With a heavy reliance on shortsighted tactical strikes on terrorists, the US counterterrorism policy in Yemen ignores the underlying reasons that drive extremism and instability in the country. Danya Greenfield, deputy director for the Atlantic Council’s Rafik Hariri Center for the Middle East recently examined the impact of drone strikes and the efficacy of the US counterterrorism approach in two new Atlantic Council publications, “Do Drone Strikes in Yemen Undermine US Security Objectives?” and “A Blueprint for a Comprehensive US Counterterrorism Strategy in Yemen.” She recently discussed with Rafat Al-Akhali, nonresident fellow with the Center based in Sana’a, the Yemeni perspective towards US policy, the underlying drivers for militancy and how the Yemeni government and the United States could rethink the security framework needed to address extremism.
Al-Akhali noted that Yemeni government support for US drone strikes illustrates how limited the approach to dealing with al-Qaeda in the Arabian Peninsula (AQAP) has become. While recognizing the need, the government often cannot or will not prioritize the provision of basic service to Yemenis in areas where extremist groups are active, leaving a serious gap in human security that builds resentment and promotes cooperation with extremist militants.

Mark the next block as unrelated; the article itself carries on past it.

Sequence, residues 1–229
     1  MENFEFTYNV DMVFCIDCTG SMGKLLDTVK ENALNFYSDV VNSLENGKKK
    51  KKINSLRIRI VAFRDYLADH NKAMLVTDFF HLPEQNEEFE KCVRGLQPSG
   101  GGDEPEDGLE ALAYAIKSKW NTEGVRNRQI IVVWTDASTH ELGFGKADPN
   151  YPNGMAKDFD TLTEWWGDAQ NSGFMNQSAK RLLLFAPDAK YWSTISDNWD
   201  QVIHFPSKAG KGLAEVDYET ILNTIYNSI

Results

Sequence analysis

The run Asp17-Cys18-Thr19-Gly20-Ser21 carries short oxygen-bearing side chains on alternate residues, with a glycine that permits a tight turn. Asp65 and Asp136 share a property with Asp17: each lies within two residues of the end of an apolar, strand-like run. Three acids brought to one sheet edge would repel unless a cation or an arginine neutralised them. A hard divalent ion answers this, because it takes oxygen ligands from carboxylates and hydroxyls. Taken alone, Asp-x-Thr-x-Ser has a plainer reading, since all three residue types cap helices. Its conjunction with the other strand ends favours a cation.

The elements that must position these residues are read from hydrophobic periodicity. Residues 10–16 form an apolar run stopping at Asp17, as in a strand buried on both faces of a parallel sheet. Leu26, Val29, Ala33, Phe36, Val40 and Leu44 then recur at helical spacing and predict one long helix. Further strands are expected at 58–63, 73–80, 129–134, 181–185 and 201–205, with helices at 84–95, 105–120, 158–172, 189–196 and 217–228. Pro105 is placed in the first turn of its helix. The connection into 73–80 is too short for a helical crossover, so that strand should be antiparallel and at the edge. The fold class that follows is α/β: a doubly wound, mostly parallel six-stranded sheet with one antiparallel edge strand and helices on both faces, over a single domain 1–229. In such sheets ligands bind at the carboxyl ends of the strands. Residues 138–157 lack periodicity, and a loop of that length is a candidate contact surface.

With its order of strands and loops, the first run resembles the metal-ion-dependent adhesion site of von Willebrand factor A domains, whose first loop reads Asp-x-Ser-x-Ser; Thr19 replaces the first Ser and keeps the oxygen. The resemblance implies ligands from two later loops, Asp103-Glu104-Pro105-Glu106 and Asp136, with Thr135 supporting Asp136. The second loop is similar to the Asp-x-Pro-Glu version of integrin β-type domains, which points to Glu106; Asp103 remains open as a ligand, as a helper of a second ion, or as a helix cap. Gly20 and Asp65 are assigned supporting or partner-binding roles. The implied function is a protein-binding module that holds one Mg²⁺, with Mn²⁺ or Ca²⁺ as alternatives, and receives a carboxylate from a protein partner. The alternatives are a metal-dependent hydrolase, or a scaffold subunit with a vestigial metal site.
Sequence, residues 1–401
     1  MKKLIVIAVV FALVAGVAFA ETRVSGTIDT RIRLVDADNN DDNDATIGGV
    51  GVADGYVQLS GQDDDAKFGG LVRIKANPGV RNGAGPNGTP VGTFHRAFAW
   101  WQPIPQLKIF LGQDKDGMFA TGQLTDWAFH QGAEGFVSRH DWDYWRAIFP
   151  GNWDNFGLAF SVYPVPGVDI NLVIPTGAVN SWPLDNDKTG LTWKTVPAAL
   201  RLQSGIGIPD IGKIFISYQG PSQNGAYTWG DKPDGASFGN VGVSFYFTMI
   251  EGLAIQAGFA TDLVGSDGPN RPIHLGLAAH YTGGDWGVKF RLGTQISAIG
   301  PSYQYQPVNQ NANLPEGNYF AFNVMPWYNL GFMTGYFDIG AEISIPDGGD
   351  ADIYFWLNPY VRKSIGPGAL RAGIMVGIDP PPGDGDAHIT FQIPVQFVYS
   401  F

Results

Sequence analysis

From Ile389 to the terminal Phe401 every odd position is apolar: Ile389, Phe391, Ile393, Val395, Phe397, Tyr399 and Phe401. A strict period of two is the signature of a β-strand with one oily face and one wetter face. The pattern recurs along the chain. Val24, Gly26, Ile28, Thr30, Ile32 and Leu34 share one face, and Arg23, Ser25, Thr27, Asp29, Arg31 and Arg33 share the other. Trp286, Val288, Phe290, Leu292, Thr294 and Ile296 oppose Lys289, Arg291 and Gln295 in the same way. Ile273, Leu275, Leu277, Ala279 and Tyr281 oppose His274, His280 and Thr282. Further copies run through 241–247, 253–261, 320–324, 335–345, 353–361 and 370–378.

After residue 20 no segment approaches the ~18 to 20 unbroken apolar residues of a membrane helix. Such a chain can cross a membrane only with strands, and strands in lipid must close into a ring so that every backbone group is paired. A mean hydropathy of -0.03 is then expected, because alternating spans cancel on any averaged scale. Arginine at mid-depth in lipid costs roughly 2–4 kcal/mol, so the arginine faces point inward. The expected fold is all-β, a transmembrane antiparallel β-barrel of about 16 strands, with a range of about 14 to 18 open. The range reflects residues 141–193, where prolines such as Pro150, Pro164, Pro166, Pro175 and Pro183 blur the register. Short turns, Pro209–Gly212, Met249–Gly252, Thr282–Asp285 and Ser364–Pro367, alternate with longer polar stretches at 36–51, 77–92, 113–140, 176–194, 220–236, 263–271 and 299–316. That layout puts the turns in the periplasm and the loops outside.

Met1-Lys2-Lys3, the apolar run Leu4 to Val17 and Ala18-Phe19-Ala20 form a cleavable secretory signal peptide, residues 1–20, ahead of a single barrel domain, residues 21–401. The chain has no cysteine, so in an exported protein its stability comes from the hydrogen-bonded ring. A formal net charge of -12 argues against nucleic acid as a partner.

One of the main drivers for militancy include economic reasons. High unemployment renders young Yemenis highly susceptible to recruitment by militant groups. Although a common ideology may drive some, the potential for income, housing, marriage, and a sense of purpose for young recruits is a far stronger motivation for joining extremists in their cause.
Al-Akhali’s advice for the United States is to continue fighting immediate threats, but also focus on long term priorities that go beyond emergency humanitarian aid and tactical drone strikes. The need for comprehensive development that helps to legitimize the government and provide options and security to ordinary Yemenis will alleviate the pressures to join well-funded armed groups.
Interestingly, for Yemenis, AQAP is not the top priority. Fears have grown as organized armed Houthi militancy in Sanaa (and elsewhere) presents a larger threat to ordinary Yemenis and the government. Al-Akhali discussed the need to implement the peace agreement, including withdrawal and surrender of weapons, to reestablish government control.
Greenfield also notes how US counterterrorism tactics, in its focus on AQAP and others, do not adequately consider how groups such as the Houthis could use the resulting security void to strengthen their position. If the United States hopes to protect its interests and address the threat of extremism in Yemen, it needs a new security paradigm to fill strategic gaps otherwise filled by militant groups.